People do not know the Rosh Yeshiva. His presence is not felt around the Beis Medrash or YU. Students are unaware of his positions and views of what Torah U’Madda means and should mean to us, as its champions in World Jewry. The mission of the school as developed by its leader is lost on its constituents. While copies of the book “Torah U’Madda” and other such publications abound, I do not think that the minuscule portion of the population who have read them make a dent in the overwhelming ignorance of the majority.
Perhaps a monthly sicha by the Rosh Yeshiva, or more than one appearance in the school per semester, would increase identification of the students with the man who is supposed to be our ‘rebbe’, as Rabbi Lamm so lovingly referred to the Rav in his hesped. Perhaps the problem is just that one man cannot simultaneously hold both positions. Perhaps the President cannot be the Rosh Yeshiva, or vice versa. They are very different jobs which inevitably come into conflict.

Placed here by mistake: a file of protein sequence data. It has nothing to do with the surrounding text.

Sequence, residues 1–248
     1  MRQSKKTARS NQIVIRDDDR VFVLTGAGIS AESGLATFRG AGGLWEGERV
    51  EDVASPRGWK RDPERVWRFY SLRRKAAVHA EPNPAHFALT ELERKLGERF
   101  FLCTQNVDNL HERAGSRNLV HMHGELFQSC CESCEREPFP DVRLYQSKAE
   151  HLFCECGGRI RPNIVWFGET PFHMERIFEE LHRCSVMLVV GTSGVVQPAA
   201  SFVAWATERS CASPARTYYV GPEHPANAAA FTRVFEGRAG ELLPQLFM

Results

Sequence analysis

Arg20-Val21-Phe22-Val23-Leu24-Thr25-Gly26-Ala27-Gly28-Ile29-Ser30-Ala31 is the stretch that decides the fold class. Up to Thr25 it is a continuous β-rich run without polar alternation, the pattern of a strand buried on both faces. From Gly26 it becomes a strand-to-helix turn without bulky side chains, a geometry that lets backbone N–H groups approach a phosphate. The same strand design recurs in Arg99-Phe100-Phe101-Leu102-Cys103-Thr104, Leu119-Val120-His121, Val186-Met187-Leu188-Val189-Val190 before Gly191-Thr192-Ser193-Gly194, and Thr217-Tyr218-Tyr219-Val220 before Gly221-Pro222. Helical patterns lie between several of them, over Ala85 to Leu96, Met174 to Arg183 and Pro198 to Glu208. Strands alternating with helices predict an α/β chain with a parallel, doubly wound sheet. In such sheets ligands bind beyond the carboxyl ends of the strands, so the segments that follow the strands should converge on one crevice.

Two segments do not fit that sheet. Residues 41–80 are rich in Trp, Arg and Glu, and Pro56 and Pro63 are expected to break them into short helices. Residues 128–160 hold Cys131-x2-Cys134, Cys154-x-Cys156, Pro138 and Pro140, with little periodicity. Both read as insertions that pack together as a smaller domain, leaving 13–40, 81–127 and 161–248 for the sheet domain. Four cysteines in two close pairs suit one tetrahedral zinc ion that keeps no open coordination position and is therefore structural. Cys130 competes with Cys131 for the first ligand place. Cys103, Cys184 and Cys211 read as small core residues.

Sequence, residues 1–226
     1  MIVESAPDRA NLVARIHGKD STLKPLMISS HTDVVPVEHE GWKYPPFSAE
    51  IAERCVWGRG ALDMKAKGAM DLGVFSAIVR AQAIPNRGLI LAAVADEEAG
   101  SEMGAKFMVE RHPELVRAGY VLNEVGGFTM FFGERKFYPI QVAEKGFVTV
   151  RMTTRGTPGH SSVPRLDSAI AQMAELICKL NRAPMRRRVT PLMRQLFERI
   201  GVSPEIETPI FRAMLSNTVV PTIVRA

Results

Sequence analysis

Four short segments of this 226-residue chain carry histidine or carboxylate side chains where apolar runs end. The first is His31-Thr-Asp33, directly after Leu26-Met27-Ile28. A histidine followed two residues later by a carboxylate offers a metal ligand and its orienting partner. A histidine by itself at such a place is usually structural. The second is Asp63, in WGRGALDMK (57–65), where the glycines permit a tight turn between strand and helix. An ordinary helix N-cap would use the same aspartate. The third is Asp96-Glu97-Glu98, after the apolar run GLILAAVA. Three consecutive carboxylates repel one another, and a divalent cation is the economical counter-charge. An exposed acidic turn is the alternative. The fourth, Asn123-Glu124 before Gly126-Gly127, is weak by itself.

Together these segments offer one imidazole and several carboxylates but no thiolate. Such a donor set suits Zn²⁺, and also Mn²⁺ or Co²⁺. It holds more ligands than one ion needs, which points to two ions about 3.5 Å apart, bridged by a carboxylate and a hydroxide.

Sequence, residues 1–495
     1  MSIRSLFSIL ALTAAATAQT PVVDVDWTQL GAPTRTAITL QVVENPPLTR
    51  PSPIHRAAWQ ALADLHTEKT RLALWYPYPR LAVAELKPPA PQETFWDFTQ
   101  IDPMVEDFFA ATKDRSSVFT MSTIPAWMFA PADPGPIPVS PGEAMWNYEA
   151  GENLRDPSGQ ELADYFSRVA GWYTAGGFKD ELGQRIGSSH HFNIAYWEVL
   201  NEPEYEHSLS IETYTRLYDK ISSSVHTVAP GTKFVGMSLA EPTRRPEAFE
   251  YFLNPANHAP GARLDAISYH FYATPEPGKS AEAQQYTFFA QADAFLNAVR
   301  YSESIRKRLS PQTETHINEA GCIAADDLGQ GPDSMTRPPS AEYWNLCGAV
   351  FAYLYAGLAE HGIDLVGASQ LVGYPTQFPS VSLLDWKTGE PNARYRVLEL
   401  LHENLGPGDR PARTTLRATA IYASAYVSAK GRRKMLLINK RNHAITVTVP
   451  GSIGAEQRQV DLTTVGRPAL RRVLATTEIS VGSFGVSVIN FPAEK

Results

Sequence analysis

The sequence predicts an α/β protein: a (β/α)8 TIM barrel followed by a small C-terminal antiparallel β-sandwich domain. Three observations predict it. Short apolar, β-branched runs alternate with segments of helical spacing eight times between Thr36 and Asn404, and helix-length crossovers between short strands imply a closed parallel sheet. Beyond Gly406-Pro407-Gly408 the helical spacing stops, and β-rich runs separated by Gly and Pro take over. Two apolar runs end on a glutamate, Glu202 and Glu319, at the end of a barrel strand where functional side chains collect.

However, a greater problem is posed by the students themselves. Many of them refuse to accept Rabbi Lamm as their rebbe. Sitting in Dorm Talks last week, I was disgusted and appalled to hear a trio of “yeshivish” guys, sitting in the back, mocking every word which came out of Rabbi Lamm’s mouth, I do not understand people who claim to be yeshiva bochurim, yet show no respect for a Rav, any Rav, let alone the Rosh Yeshiva of their yeshiva. If they do not consider YU their yeshiva, then they don’t belong here. If they disagree with Rabbi Lamm or any other way, that is their prerogative. However, to sit in the back of a public forum and openly mock a Rav? This is unheard of!
I have known Rabbi Lamm my entire life. I grew up in his shul and have respected him since the days when he would lift me in the air, only to have me inevitably grab hold of his beard. I respect him as a Rav, a Talmid Chacham and as a Rosh Yeshiva. Granted he does not have the widespread appeal of the Rav, or the encyclopedic knowledge or universal acceptance. However, there is no one who can make those claims. The Rav is gone, his equal will not be found. Yet, we must discover how to continue to live in his absence, with our Rosh Yeshiva, Rabbi Norman Lamm.